Mindful walking, also referred to as walking meditation, is one of the most common of all meditative practices. In Zen, the practice of kinhin (“walking meditation” in Japanese) goes hand-in-hand with the practice of zazen (“sitting/seated meditation” in Japanese), with practitioners typically doing a session of kinhin following zazen.

How to Know If You Should Start Here:

Mindful walking is a great beginner practice if you’re either always on the go or find yourself especially restless while trying to sit in meditation.

That isn’t to say you should avoid sitting, but rather that starting with the practice of walking meditation for a week or two can be more effective at first, afterward adding in a regular sitting meditation practice. Then, continuing with the practice of walking meditation regularly, especially when you find it particularly difficult to sit in meditation.

3. Mindfulness of Body / Mindfulness Body Scan

If you take a skim through, you’ll notice the 4 mindfulness practices listed in this post all deal with being mindful of the body in some way. They all do essentially fall within the Buddha’s first “foundation of mindfulness”, which is mindfulness of body, but this is referring to a specific practice that has to do with coming in touch with your entire body via the sensations you’re feeling at that given moment in time.

Mindfulness of body, also called a mindful / mindfulness body scan, is the practice of “scanning” the body with your awareness and noticing various sensations such as warmth, heaviness, pain, movement, and moisture. Really, it’s the practice of noticing what’s going on in the body- how and what the body is communicating.

How to Know If You Should Start Here:

Mindfulness of body is a great practice for anyone who experiences chronic pain of any kind. It’s a great practice in general, though, because most of us live out our lives without ever really coming in touch with our physical body in an intimate way. Rather, we move about our life as though our body is just a transportation system for our head.

A mindful body scan is also a great practice for anyone who has trouble sleeping. Doing the complete practice right before bed really helps improve the quality of one’s sleep.

4. Mindful Eating

Mindful eating is another core mindfulness practice. In Zen centers and monasteries, meals are eaten mindfully and in total silence, becoming its own kind of meditation practice in itself.

However, the practice of mindful eating, like the other mindfulness practices mentioned thus far, is very simple and straightforward and essentially revolves around the act of chewing and experiencing the food in front of you with all of your being.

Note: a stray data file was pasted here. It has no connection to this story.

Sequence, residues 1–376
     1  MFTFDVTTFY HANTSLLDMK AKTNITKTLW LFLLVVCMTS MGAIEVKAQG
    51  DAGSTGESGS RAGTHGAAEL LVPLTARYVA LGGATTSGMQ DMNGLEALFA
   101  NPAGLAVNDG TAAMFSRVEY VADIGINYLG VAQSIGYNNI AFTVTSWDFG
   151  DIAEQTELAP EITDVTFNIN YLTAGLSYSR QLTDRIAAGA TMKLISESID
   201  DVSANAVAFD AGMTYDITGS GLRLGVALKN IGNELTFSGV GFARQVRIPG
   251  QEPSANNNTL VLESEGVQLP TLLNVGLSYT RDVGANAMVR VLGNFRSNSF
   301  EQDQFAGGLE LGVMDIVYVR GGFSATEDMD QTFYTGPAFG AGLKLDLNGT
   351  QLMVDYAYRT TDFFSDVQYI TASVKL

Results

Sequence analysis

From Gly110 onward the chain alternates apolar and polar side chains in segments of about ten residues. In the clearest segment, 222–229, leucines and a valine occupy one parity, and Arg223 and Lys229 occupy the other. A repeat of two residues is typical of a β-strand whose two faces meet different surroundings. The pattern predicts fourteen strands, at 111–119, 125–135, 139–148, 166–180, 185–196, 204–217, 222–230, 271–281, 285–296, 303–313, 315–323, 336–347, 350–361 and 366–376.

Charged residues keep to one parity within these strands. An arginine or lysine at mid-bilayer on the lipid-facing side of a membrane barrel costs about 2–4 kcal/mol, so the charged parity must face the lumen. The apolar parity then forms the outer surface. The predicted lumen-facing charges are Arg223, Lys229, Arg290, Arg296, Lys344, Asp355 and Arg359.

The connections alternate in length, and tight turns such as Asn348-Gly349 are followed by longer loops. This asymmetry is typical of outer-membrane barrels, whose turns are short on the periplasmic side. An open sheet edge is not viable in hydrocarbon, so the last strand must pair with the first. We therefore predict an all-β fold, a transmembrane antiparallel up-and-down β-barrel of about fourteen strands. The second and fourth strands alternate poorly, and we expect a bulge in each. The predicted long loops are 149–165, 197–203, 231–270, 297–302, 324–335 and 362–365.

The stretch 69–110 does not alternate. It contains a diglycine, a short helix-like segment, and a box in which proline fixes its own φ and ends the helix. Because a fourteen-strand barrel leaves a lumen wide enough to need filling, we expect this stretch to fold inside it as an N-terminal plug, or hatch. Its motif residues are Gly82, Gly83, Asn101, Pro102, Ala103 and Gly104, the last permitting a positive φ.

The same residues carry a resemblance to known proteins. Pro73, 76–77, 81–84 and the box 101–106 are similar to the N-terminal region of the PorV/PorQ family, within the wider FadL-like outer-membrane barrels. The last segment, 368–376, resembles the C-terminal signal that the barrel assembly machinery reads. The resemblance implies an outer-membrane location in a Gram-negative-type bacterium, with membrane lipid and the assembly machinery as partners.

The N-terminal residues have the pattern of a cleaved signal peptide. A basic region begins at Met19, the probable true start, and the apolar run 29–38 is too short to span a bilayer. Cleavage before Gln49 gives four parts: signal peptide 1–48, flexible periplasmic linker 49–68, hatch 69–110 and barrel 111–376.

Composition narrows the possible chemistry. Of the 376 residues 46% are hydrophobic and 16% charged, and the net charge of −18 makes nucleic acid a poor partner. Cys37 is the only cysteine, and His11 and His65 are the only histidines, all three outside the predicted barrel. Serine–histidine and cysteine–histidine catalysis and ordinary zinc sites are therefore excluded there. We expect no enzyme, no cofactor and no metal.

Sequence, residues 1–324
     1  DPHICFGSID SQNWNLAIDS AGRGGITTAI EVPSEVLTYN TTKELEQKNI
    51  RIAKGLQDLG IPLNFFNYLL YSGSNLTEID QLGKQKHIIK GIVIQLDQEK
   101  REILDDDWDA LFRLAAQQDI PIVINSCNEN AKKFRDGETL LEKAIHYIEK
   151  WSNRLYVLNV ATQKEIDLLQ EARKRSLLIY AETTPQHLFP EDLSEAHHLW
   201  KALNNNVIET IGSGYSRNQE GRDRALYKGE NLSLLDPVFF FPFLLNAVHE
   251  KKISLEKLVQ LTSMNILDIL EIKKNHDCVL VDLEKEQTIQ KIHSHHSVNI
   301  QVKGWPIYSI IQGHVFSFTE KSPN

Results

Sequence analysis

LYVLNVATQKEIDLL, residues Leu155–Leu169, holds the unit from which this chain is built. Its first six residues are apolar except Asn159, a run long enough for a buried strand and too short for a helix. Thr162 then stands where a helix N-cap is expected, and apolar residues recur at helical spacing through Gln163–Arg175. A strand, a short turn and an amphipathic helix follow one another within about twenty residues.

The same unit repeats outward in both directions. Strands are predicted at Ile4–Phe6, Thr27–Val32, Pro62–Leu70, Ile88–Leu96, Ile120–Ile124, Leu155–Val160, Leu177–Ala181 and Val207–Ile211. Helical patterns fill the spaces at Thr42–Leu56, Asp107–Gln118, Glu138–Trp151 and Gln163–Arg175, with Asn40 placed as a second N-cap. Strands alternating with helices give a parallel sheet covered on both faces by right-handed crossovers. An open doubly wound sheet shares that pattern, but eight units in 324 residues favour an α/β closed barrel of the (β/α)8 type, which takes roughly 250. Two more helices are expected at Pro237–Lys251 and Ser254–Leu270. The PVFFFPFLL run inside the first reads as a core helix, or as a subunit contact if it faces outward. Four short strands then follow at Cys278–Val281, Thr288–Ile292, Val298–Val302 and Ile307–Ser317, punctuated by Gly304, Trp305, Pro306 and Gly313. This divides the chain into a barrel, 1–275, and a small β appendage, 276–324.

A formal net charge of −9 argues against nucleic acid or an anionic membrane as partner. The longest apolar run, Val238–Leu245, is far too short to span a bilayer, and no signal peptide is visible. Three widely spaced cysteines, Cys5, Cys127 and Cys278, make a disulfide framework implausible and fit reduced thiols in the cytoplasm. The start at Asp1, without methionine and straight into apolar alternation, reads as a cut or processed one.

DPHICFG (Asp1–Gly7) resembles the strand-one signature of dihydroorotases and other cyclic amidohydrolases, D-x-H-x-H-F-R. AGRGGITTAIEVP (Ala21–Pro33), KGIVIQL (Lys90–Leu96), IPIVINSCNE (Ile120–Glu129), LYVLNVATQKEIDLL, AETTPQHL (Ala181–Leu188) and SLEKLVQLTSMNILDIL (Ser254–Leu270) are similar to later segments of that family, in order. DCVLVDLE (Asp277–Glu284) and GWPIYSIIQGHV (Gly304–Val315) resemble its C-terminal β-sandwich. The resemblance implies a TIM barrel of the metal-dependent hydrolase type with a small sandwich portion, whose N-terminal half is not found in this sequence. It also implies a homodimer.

How to Know If You Should Start Here:

If you find yourself having difficulty getting a feel for the practice in the beginning, specifically if you’re practicing and you just can’t tell if you’re being mindful or not, mindful eating may be the perfect practice for you to start with.

The flavors, textures, and smells of the food we eat are all opportunities to help us better connect with the practice. In the beginning, this is especially helpful due to our ability is very subtle and it can be difficult to know if you’re doing the practice “right”.

Start, or shift over, here if you’re having said difficulty while attempting to practice mindful breathing or another practice. Once you get the hang of it, you can add to your practice and begin sitting daily as well.

5. Loving-kindness Meditation (with a Switch Up)

This isn’t a specifically mindfulness-related practice, so I’m cheating a bit here. However, the traditional practice of loving-kindness meditation has a very much mindful aspect to it that’s worth mentioning and it’s a great meditation practice in general (one of the most valuable, I believe).

From my guide How to Practice Loving-kindness Meditation:

The practice of loving-kindness, or metta/maitri (Pali/Sanskrit for love or kindness), meditation is a meditation practice which has been passed down since the time of the Buddha over 2500 years ago.

Loving-kindness meditation, or “LKM” for short, is about opening up the heart and cultivating love and compassion for ourselves and others.

How to Know If You Should Start Here:

So, why did I choose to include this unique meditation practice? There are a few reasons. First, it’s one of the foundational meditation practices as taught by the Buddha and it has a completely different flavor which many would simply prefer to start with.

The cultivation of loving-kindness and compassion for others is, in many ways, a spiritual path all in itself which includes such notable teachers as the Buddha (a great modern day example of this path is the Dalai Lama. Another great teacher to look into is Sharon Salzberg, I love her “Street Loving-Kindness” practice), the late Indian guru Maharaji, and even Jesus Christ.

It’s worth mentioning then that the unifying factors in most of the world’s religious traditions is in the preaching of love for all beings. Some come to the practice of meditation looking to deepen their own spiritual practice. For that reason alone, it’s worth mentioning.

More than that, though, loving-kindness meditation is a beautiful practice that opens up the world and your connection with other living beings in a way that few things can.